Broken apples? Cruel to animals, rotten orchards. Sean Gifford, chief executive of The Humane League UK, explains why he thinks animal abuse is an ongoing problem in the UK’s food industry and why it is necessary there is a ‘strong movement’.
I believe most people want animals to be treated with kindness and respect.
Unfortunately, our good intentions are far from good in reality. In fact, our relationship with animals is one of the most shameful in modern society. More than 90% of chickens raised for meat in the UK are fast-growing ‘broilers’. Also selectively bred to be unusually large, unusually agile, and housed in densely populated coops. That’s more than a billion people thinking, and feeling animals every year. Their rapid and abnormal growth (from birth to discharge in just 35 days) causes them numerous serious health problems such as organ failure. Also lameness, bone deformities, and ammonia burns. , myopathy, and premature death.
The scale of the suffering is astounding. I’ve seen how chickens raised for meat are raised – a sea of sick chickens. Also tens of thousands in a coop, their white plumage tinged brown or scorched by their own droppings. If you line up those billions of chickens, it will circumnavigate the planet 12 times.
Who is responsible for this cruelty?
Part of the answer must be supermarkets, where the Humane League UK estimates more than half of the UK’s chickens are sold. But are the supermarkets themselves or their suppliers to blame? Or are they farmers? Or even individual workers? Broken apples Cruel to animals rotten orchards.
The Frankenchicken family has suffering encoded in their DNA. Their lives were destined to be very scary, long before any laborer or farmer intervened. Therefore, while it may seem that the suppliers are responsible, the people who buy the birds, raise them. Also, send them to slaughter and sell, it is not quite right to say that the responsibility stops with them. When it comes to money, supermarkets have money to spare and supermarkets set the agenda. The major chicken suppliers have been completely transparent that their selection is on demand.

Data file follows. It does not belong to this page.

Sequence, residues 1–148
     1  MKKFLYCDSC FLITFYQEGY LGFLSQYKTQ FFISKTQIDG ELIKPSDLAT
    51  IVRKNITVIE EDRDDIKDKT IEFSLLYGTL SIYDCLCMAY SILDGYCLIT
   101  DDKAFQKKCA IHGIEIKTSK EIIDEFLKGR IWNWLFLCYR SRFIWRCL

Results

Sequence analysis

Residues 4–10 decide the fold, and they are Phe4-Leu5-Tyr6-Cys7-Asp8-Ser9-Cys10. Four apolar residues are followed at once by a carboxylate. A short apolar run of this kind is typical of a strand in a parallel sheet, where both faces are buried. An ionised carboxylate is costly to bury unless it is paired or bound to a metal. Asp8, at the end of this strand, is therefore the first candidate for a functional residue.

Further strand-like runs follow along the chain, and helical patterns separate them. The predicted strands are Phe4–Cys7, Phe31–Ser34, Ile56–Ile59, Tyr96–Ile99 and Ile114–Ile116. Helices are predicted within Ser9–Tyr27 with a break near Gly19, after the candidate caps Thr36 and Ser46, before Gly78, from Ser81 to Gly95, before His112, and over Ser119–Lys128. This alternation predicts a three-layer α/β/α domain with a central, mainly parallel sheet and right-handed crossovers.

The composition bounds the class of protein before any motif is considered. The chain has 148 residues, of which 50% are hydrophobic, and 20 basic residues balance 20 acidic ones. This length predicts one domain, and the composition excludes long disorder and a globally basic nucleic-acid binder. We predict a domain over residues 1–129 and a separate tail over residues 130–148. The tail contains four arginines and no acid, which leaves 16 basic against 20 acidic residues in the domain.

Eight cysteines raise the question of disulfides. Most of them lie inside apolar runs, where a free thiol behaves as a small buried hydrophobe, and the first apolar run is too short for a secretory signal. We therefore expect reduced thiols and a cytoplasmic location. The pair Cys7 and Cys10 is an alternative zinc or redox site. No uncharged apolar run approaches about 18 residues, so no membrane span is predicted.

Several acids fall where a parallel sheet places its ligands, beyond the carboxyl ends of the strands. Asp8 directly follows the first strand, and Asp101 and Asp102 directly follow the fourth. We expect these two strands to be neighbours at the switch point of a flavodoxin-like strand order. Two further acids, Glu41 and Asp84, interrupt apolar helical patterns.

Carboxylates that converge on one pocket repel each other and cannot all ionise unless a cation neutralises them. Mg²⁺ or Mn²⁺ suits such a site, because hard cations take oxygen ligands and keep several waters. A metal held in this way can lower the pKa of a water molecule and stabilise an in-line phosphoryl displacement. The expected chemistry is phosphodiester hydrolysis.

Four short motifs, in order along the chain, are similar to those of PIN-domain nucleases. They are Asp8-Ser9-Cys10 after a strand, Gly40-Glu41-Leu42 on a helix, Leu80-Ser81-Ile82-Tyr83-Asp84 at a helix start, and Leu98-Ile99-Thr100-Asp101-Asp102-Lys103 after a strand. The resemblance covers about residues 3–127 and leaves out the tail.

Sisters Food Group
Last year, leading chicken supplier 2 Sisters Food Group welcomed M&S’s transition to the Better Chicken Commitment (BCC). Also, an animal welfare policy that eliminates fast-growing chicken breeds. Providing giving animals with more comfortable space, more light, and less painful treatments.
Later, 2 Sisters Food Group also announced that they are now storing 20% of their total herd according to the BCC standard. In other words, the providers will do what they are told. It is the supermarkets that require the chicken, and the supermarkets are able to defy the cruelty by accepting BCC. That’s not to say the vendors aren’t important. Persons who directly care for animals have an obligation not to intentionally cruelly treat them.
In cases of malice or negligence, as seen in investigations of Lidl suppliers in the UK and Austria, where chickens were crushed by vehicles, no excuses were made. However, supermarkets are often the first to sever ties with their suppliers. Blaming workers and brushing their hands off such incidents.
Supermarkets shouldn’t easily evade blame. Animal abuse incidents are not isolated outbreaks of malice but exist in contexts where animals are not given any value beyond what their carcasses can be sold in the aisles.
Agricultural cruelty is not caused by a few bad apples: garden rot.
Supermarkets are at the helm of this ruthless system, using every power to change it while jealously guarding their bank accounts. Not only is the supermarket’s relationship with its suppliers fractured – but also with the natural world; With animals; the general public and its values. If we are to live up to the label of an “animal-loving nation,” we must fundamentally change the way animals are mistreated in agriculture. It means realizing that farm animals are sentient beings that can feel both pleasure and pain and that their suffering is important. What they face in the warehouses and slaughterhouses of industrial farms goes beyond discomfort and inconvenience; it was pure and simple cruelty and violence.
To combat that, we need a strong, united movement with the unwavering belief that animals deserve better. But to change things, you have to pressure supermarkets to stop selling suffering. They can change the system from a profit-based system to an animal welfare-based system. If supermarkets reform their animal welfare, dominoes that support cruelty could begin to crumble; 바카라사이트as long as animal activists and their supporters are there to promote them.